Dictators are always going to be around, many of them will surely call themselvs King.



Reply to this post

Back to top Alert abuse Link here Permalink


Response to liberal N proud (Reply #1)

Mon Feb 27, 2012, 01:30 AM

3. Many dictators have taken to calling themselves...

...President, except for Mr. Gaddafi of course, the King of Kings of Africa.

Reply to this post

Back to top Alert abuse Link here Permalink


Response to ellisonz (Original post)

Sat Feb 25, 2012, 02:36 PM

2. I'd put good money on it.

It's intellectual navel gazing to question retaining the monarchy. Any serious answer of "no, let's get rid of it" will be followed by the next impossible question, "How?"

Dismantling the institution would work if there's a monarch who won't behave himself. But as long as the person on the throne (do they still have thrones?) is well mannered and upholds the public good and engages in periodic acts of charity and commiseration in times of pain and crisis, the monarchy will remain too popular to be gotten rid of.

Reply to this post

Back to top Alert abuse Link here Permalink


Response to Bucky (Reply #2)

Mon Feb 27, 2012, 01:32 AM

4. Hey!

I'm a big fan of intellectual navel gazing. That's how I discovered aesthetics!

I have my doubts about the ability of the remaining monarchies to produce heirs who want to retain the title. I think at the very least we could see even fewer left than we have today.

Reply to this post

Back to top Alert abuse Link here Permalink


Response to ellisonz (Original post)

Sat Mar 3, 2012, 12:12 PM

5. Charles, will never be king

His mother is in her 80s and in good health. His grandmother lived to be over a hundred. Those two facts that cannot be changed. I think that Charles will never be king and that Prince William will inherit the throne after his grandmother (Queen Elizabeth) dies.

Reply to this post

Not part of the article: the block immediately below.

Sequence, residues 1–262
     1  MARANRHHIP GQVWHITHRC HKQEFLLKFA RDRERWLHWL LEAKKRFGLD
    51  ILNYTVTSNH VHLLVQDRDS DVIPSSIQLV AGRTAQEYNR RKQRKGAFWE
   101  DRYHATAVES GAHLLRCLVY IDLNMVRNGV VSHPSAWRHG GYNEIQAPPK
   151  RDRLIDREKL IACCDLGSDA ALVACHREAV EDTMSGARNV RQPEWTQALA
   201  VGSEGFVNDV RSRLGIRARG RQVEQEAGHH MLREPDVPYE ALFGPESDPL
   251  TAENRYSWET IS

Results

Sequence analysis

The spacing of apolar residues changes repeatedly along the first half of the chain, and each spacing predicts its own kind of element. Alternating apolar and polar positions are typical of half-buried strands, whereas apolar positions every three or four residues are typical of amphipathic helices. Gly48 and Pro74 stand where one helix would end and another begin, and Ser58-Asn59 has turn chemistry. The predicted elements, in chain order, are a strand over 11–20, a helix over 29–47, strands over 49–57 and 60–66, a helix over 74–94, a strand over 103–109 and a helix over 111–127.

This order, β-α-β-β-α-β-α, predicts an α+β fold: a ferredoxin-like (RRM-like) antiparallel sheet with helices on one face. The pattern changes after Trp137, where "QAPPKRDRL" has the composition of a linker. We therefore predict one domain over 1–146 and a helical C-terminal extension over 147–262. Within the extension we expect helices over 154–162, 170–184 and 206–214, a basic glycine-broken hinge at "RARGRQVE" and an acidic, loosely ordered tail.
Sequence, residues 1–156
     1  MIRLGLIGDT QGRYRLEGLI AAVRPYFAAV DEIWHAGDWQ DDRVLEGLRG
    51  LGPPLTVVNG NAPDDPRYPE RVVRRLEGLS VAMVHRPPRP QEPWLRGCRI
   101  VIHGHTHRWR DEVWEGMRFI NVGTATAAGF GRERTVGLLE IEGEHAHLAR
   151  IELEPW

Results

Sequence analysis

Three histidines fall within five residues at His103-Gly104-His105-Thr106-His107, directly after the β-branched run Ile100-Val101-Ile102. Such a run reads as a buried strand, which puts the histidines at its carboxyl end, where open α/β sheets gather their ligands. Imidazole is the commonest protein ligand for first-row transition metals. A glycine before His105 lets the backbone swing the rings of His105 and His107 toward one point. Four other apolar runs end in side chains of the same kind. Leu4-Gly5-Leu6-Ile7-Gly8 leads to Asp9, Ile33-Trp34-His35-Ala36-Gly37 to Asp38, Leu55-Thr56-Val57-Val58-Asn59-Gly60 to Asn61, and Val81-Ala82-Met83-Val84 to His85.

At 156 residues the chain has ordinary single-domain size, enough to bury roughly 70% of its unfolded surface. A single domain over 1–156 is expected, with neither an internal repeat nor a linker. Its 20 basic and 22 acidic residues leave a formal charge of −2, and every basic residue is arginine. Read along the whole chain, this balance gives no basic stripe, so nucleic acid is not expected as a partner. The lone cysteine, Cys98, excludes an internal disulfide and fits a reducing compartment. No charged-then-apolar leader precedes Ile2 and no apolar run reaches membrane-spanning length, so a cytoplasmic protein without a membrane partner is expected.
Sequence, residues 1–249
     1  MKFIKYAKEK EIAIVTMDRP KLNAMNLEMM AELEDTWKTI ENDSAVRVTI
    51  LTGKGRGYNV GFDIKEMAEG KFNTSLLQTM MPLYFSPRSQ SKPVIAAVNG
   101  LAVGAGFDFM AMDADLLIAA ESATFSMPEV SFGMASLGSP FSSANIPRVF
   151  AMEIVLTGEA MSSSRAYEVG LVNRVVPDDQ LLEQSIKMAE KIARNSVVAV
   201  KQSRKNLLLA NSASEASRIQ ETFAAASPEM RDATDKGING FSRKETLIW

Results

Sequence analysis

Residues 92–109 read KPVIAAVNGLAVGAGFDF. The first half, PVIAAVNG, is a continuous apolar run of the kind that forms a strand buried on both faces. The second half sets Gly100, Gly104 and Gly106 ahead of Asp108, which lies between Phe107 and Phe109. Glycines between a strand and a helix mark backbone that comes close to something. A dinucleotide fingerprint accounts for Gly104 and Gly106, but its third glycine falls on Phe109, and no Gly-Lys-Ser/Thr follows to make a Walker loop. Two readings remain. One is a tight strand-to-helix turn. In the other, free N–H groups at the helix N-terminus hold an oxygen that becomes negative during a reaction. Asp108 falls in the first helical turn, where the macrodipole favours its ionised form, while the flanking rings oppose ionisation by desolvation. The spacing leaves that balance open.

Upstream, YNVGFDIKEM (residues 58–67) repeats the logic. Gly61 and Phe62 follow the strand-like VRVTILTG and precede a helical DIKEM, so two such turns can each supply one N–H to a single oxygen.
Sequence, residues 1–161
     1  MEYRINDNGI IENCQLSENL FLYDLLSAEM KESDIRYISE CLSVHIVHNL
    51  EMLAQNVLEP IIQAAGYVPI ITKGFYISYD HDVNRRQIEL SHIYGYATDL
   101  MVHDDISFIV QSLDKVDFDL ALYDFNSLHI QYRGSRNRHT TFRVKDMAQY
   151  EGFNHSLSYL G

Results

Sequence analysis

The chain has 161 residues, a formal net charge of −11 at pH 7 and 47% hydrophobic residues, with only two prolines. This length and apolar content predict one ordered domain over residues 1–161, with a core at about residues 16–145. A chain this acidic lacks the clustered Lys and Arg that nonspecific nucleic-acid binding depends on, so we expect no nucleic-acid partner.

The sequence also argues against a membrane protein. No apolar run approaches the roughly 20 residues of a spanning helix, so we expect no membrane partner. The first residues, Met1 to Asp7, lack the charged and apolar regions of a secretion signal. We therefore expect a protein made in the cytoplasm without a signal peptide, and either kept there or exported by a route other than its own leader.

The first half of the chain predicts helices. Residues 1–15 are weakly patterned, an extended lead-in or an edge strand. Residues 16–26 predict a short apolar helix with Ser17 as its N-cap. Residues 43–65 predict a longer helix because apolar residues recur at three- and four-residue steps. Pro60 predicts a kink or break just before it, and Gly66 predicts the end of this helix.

Back to top Alert abuse Link here Permalink


Response to ellisonz (Original post)

Sat Mar 3, 2012, 10:45 PM

6. They will just pass over Charles and make William king.

Charles belongs in a straightjacket, not a royal palace.

The Monarchy is good for tourism, so I doubt they will get rid of it. William will make a good ceremonial head of state, he is intelligent and thoughtful, everything his dad is not.

Reply to this post

Back to top Alert abuse Link here Permalink


Response to Odin2005 (Reply #6)

Sun Apr 1, 2012, 04:54 AM

8. I don't know much about Charles.

Why do you think he "belongs in a straitjacket?"

Other than his strange romantic life, what is it about him that you distrust?

Reply to this post

Back to top Alert abuse Link here Permalink


Response to JDPriestly (Reply #8)

Tue Apr 3, 2012, 04:12 AM

9. His support of homeopathy, for one. nt

Reply to this post

Back to top Alert abuse Link here Permalink


Response to Confusious (Reply #9)

Tue Apr 3, 2012, 12:10 PM

10. He is not the only person who supports that.

I know some very sane people who have lost confidence in standard Western medicine.

Personally, I am not a fan of homeopathy, but I do know that a lot of allergy treatments are based on the same principles.

Reply to this post

Back to top Alert abuse Link here Permalink


Response to JDPriestly (Reply #10)

Wed Apr 4, 2012, 09:05 PM

11. Allergy treatments are not the same